Pro Tip: If you’re driving with a large vehicle, like an RV, motorhome, or caravan, that is more than 3.5 tons, you must purchase the “GO toll” vignette.

Driving in Cities in Austria

Major cities in Austria are the most chaotic that driving will get. But this is not because drivers are disrespectful or do not follow the rules. The major difference is that there is so much going on that it can be an easily confusing environment for anyone who’s driving there for the first time.

The first culprit? Public transportation. Austria has well-developed bus and tram networks and tram tracks, specifically, can cause the streets to look confusing, especially at intersections. I found that the painted lines on the street were either non-existent or could be confused with the tram tracks.

Another challenging element of driving in Austrian cities is people. There are lots of bike lanes and foot traffic, so you must stay attentive at all times.

But this is also why the speed limit in Austrian cities is very low – about 50 km/h, or 30 mph.

Driving on Provincial Roads in Austria

Driving in small towns in Austria is calm. You must go slow (50 km/h, 30 mph) because there are often speed cameras that you don’t see, and that will send you a ticket later in the mail if you exceed the speed limit.

On provincial roads outside of towns, the speed limit is usually 100 km/h, or around 60 mph. A lot of these roads are just one lane, so you may overtake vehicles or be overtaken.

Where it can get intimidating to drive on provincial roads are mountain passes. You will likely have to take one-lane roads curving through the giant peaks of the Austrian Alps and, although there are barriers nearly everywhere, it can still be nerve-wracking – especially because the locals are used to these roads and don’t mind cruising through at the normal speed limit.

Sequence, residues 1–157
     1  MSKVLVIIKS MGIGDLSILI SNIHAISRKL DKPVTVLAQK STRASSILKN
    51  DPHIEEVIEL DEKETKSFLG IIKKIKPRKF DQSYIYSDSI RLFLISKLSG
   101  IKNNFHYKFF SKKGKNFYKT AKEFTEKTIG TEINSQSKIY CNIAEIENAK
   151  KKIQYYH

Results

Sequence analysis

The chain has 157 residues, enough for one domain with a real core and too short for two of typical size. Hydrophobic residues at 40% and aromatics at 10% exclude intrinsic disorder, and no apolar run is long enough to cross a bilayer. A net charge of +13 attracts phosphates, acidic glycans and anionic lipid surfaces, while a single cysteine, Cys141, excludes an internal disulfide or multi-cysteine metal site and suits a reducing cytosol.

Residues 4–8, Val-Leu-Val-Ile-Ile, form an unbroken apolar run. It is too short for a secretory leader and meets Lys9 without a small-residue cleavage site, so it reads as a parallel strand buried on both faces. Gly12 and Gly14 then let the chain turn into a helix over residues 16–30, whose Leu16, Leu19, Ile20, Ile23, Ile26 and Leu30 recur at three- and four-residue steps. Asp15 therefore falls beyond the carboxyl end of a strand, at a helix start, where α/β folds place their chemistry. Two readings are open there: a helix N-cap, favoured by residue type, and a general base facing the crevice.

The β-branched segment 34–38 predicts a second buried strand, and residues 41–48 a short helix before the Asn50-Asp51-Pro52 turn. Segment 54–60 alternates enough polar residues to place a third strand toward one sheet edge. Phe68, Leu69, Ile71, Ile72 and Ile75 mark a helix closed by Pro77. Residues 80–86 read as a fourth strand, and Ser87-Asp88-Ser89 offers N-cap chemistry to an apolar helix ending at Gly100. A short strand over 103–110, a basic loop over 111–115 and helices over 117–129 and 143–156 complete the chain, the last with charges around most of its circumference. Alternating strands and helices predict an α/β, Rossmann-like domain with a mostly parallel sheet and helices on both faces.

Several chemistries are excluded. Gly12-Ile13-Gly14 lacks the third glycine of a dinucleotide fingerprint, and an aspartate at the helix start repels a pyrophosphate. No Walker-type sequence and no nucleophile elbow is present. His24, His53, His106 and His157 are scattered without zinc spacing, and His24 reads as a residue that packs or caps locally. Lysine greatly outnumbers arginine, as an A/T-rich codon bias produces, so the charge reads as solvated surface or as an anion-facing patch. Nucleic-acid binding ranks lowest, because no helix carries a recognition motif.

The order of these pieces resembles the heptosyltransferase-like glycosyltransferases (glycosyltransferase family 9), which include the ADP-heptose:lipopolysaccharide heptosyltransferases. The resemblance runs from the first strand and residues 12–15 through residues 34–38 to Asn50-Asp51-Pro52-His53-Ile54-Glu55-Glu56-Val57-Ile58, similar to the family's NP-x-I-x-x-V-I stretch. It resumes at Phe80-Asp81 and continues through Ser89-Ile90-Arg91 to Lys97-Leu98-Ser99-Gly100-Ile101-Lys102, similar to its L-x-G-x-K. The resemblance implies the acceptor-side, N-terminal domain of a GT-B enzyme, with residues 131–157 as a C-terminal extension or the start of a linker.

Good to know: Driving anywhere in Austria usually means you’ll be surrounded by epic views. This is just a note to be careful and stay focused on the road!

Road Signs in Austria

The most surprising thing about driving in Austria was that the road signs were only written in German. Now, you may think, duh, why would it be any other way, but many other places I’ve traveled to have an English (or at least one other) translation.

This means you need to know some basic German vocabulary to at least understand how the roads work. Here are some of the most useful:

I had to include a photo of this incredible road sign I saw in Innsbruck, Austria – I personally saw no horses and buggies, but I am still a fan of the sign.

Getting Gas in Austria

There are a few things to know before you go to when it comes to getting gas in Austria.

For one, gas stations can be few and far between on both highways and provincial roads. I highly recommend not pushing the limit and risking an empty tank.

The second thing to keep in mind is that gas in Europe, in general, is expensive. The average price for gas in Austria in July 2022 was €1.96 per liter, which is about $7 per gallon.

Austria has a variety of types of gas stations. Typically, you will pump the gas first and pay afterward inside. Some do not accept credit or debit cards and are cash-only. Others are self-service and allow you to pay at the pump. My advice? Exchange currency ahead of time to be prepared for anything.

Pro Tip: It’s not uncommon that you pay to use the bathroom at gas stations! A lot of gas stations along the highway have a bathroom attendant to keep them well-maintained, so it can cost (usually) anywhere from €0.50 to €1. Make sure to have some currency on you just in case!

Parking in Austria

There are different types of parking spots in Austria to be aware of so that you don’t get charged a fine.

Along streets, parking is allowed on the right side of the road. You can park for free for a specified amount of time in blue-lined parking spots, but you will need the blue EU parking disc. Place it inside your car in the corner of the windshield with the time that you arrived at the parking spot.

In cities, there are also many parking garages. Some garages can be tight, so look up reviews on Google ahead of time to see pictures/find out if the garage is fit to host large cars if you’re traveling in one. For more information about which spots to avoid (aka resident-only parking spots), the city of Vienna website has a photo of the sign that indicates no public parking.

Parking in cities like Vienna and Innsbruck is often free on the weekends.

Helpful Info & Resources

I hope all of these tips and insights have helped you feel more prepared and excited about your road trip in Austria! Here a few extra resources to help best plan your road trip:

Let me know what stops are on your Austrian road trip in a comment!